“It helps to strengthen the muscles of the back and chest, Ravi, and also makes the arms more flexible.” Chachu winked and said, “Some of them also think Hanumanji’s strength flows into them when they practice with the Gada.”

“Will you please teach me to wrestle, Chachu?”

“Hey, you’re still too young, Ravi. Now is the time you must be studying, not wrestling.”

“But I too want to be strong like Hanumanji and fight bad people,” whispered Ravi, unconsciously fingering his left arm.

Chachu noticed the gesture and frowned, as he caught a glimpse of the bruise before Ravi tugged his sleeve down.

“Okay, Ravi, let’s do this…I have a small Gada. When I was your age, I pestered my father to teach me wrestling and he kept on refusing. Your Baba bought this Gada to cheer me up and I played with it for many years until I started wrestling. You can use it …come, I’ll teach you now.”

A little later, Chachu left Ravi to practise his moves but not before warning him, “Remember, Ravi….the Gada is only for your exercise. You must never use it on any person, alright?”

From that day onwards, Ravi spent a few hours every day at the akhada, exercising with his Gada. Being a smart boy, he also tried some of the other simple wrestling moves he’d seen the students perform.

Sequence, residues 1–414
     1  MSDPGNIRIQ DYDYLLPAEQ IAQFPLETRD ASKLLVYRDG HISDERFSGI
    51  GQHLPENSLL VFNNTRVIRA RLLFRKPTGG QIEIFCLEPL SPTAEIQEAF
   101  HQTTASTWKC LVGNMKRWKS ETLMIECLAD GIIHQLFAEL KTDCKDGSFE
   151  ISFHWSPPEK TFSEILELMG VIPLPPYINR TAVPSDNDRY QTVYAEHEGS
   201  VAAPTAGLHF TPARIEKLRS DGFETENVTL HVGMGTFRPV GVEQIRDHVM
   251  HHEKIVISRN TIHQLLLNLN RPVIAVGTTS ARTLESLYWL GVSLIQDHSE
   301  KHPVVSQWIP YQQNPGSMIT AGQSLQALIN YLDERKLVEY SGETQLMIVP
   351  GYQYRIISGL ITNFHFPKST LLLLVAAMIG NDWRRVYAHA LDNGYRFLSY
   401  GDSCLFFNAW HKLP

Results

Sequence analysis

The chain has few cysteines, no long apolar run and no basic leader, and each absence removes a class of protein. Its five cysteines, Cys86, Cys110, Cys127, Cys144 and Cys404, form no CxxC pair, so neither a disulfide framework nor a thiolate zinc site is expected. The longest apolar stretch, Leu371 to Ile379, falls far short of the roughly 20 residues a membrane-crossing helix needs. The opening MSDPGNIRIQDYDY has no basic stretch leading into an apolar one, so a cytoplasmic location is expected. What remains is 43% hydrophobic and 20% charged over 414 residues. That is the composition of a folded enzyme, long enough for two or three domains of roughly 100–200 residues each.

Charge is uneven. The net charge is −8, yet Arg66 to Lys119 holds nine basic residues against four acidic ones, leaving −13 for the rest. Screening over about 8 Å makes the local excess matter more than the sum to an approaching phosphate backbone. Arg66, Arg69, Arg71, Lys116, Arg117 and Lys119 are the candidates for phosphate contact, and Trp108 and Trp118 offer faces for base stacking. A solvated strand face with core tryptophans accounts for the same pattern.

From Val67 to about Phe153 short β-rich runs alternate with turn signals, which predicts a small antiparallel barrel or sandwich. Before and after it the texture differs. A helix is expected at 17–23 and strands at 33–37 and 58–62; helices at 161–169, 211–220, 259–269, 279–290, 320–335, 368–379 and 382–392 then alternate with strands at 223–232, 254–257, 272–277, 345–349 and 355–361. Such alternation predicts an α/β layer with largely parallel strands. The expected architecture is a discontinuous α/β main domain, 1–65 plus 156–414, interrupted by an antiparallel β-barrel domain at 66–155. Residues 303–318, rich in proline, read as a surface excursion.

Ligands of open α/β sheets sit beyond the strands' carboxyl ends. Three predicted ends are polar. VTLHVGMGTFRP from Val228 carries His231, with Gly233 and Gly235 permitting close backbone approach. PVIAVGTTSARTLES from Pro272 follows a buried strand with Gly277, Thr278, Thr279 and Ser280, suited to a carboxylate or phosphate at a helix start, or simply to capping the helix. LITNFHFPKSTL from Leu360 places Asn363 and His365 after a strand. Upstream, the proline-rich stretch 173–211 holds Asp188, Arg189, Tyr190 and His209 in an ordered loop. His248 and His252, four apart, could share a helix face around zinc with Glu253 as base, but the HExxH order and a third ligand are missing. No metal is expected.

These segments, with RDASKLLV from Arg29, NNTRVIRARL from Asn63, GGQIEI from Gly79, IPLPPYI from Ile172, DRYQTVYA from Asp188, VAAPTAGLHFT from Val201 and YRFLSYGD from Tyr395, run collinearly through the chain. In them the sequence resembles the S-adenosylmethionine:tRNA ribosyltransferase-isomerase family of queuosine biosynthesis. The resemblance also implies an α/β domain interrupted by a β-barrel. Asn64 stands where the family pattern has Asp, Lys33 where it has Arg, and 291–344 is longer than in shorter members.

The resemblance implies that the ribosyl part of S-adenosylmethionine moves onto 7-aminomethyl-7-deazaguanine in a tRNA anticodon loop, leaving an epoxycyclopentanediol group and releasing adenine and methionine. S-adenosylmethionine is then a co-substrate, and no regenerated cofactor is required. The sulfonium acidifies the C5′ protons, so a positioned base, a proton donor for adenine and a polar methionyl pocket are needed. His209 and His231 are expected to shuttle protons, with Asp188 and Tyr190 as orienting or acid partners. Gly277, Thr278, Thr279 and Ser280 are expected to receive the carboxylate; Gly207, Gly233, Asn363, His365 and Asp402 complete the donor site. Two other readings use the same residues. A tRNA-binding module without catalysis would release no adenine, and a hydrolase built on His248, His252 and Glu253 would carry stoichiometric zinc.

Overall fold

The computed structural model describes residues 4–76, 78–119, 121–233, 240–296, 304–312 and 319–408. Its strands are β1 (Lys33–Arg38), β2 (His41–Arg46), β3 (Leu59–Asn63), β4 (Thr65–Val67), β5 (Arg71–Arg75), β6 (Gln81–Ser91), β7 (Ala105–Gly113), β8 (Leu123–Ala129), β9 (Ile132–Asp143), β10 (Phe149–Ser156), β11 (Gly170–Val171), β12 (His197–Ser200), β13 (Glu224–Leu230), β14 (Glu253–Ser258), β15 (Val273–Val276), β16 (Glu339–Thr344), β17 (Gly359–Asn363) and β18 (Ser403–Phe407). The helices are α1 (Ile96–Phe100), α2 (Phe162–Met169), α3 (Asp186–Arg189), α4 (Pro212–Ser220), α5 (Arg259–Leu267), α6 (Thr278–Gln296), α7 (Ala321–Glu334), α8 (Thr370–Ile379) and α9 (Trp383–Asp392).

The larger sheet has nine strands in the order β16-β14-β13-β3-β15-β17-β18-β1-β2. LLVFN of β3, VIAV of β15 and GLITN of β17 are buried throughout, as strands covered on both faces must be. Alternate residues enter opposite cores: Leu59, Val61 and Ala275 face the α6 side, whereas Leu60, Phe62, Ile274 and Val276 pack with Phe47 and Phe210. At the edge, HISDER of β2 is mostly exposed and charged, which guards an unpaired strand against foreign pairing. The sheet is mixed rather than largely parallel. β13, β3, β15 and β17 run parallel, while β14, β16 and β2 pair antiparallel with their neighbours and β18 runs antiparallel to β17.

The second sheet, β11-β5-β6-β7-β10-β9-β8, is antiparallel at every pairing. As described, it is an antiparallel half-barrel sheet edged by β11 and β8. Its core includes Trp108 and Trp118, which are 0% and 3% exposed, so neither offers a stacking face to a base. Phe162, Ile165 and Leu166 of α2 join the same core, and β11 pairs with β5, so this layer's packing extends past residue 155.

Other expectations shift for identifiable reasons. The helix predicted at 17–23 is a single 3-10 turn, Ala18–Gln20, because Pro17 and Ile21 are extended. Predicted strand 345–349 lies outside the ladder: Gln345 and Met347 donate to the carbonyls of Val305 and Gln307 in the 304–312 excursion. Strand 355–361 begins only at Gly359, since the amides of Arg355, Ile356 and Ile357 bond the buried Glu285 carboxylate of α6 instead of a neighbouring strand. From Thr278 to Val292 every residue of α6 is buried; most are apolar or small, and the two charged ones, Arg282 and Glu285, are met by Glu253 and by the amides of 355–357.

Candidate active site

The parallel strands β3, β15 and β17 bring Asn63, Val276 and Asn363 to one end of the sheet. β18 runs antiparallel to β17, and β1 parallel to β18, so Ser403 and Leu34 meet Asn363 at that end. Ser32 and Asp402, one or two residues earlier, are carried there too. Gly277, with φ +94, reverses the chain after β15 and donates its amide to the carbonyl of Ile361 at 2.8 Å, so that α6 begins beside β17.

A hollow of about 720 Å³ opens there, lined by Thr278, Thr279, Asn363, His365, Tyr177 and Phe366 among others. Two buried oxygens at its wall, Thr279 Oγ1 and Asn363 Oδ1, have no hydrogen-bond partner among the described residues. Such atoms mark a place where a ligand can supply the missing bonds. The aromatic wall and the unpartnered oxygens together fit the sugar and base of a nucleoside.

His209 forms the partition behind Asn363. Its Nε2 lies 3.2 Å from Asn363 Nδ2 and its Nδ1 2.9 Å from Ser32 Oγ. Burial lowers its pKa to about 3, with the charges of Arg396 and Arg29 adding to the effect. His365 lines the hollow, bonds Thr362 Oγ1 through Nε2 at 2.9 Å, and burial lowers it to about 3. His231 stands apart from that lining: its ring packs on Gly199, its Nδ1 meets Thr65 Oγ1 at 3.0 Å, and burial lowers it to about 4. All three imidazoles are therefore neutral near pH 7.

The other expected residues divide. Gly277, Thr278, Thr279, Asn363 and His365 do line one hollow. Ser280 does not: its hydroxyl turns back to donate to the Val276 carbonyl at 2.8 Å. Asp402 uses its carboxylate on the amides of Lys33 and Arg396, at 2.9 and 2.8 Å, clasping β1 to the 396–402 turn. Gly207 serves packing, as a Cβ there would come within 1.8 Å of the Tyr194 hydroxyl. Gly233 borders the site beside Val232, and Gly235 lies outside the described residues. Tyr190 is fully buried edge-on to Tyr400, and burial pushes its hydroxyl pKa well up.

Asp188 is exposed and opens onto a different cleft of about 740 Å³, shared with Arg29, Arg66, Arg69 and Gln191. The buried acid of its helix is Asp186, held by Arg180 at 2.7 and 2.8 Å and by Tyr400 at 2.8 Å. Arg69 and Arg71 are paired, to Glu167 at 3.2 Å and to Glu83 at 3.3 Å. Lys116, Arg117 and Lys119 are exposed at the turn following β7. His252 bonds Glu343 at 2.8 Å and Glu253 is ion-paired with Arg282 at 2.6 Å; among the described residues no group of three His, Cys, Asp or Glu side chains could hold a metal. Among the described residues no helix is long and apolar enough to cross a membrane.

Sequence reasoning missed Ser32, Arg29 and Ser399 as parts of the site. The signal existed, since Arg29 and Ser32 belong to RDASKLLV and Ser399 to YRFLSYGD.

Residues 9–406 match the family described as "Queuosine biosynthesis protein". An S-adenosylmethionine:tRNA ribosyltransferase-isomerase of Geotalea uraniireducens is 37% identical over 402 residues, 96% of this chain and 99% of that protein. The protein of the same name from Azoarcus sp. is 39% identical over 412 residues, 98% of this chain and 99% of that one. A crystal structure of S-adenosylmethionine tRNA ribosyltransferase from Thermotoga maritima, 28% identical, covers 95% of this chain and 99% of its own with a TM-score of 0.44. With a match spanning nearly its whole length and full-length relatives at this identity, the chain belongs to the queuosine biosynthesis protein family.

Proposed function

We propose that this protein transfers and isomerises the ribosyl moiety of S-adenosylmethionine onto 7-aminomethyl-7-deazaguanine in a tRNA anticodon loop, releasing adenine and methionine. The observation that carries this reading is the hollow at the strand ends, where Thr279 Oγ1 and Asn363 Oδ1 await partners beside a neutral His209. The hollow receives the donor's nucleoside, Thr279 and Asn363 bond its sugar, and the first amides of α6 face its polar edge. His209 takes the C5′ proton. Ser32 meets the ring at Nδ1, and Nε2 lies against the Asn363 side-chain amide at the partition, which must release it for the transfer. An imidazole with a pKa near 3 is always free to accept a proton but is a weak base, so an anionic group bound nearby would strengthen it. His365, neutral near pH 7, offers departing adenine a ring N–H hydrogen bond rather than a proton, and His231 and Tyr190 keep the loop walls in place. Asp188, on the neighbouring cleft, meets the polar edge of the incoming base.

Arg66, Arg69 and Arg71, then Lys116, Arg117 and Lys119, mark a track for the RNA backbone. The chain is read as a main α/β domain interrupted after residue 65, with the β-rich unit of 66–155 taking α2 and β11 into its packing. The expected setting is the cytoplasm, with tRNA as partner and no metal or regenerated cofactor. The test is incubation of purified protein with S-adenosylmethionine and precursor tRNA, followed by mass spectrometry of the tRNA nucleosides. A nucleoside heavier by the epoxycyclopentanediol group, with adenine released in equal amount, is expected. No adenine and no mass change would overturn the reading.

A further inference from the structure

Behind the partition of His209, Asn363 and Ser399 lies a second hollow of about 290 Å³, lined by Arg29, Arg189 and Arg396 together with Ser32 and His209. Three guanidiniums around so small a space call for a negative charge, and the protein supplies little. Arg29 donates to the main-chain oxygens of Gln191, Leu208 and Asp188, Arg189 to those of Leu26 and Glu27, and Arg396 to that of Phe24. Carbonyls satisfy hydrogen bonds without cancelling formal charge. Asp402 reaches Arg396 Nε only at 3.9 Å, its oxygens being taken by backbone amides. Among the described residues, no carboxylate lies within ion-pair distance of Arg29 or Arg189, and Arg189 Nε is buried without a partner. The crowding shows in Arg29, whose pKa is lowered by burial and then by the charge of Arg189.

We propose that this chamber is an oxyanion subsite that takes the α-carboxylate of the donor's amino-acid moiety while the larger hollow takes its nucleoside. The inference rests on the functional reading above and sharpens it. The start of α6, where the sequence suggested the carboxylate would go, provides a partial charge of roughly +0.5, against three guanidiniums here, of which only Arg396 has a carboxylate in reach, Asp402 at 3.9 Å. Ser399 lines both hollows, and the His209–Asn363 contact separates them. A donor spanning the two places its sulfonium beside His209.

The day school reopened, Ravi waved goodbye to Chachu and Dadi and walked slowly under the weight of his bag. Around late afternoon, one of the wrestling students burst into the akhada, yelling for Chachu to hurry to the school playground. A strange scene met their eyes when they reached there.

A heavily built boy with a menacing look was advancing on Ravi who was bent over his bag in a prayerful stance. “Look out, Ravi,” screamed Chachu when he saw the boy begin moving his arm to throw a punch. With a deft movement, Ravi stepped to his left even as he nimbly struck out his right foot, tripping the big boy and sending him careening down. Dazed, the bully slowly picked himself up and walked away, red-faced.

As they walked home together, Chachu threw a questioning glance at the bulge in Ravi’s bag. Ravi smiled at his uncle. “Your students are right, Chachu. Hanumanji’s strength does flow through those who practise with the Gada.”


  1. Belief (Nambike) makes people strong (mentally, emotionally and physically). This in my opinion comes from God - Shakti. That Shakti is rightly represented by Lord Hanuman.
    Nice madam happy to read the article.

    M. Narayana Babu

    1. You're very right, Sir. Thank you for reading and the comment !

  2. Ravi did fear wen he was bullied at school but in the period of time he found a way to protect and safeguard himself by learning wrestling moves from his chacha..

    Yes in life we all fear for certain issues but we got to pick a way to face it and lead....

    Nice inspiration to move on with a courage from your article madam..👍☺

    1. Thank you, Bhargavi. You have drawn the right lesson from this blog post !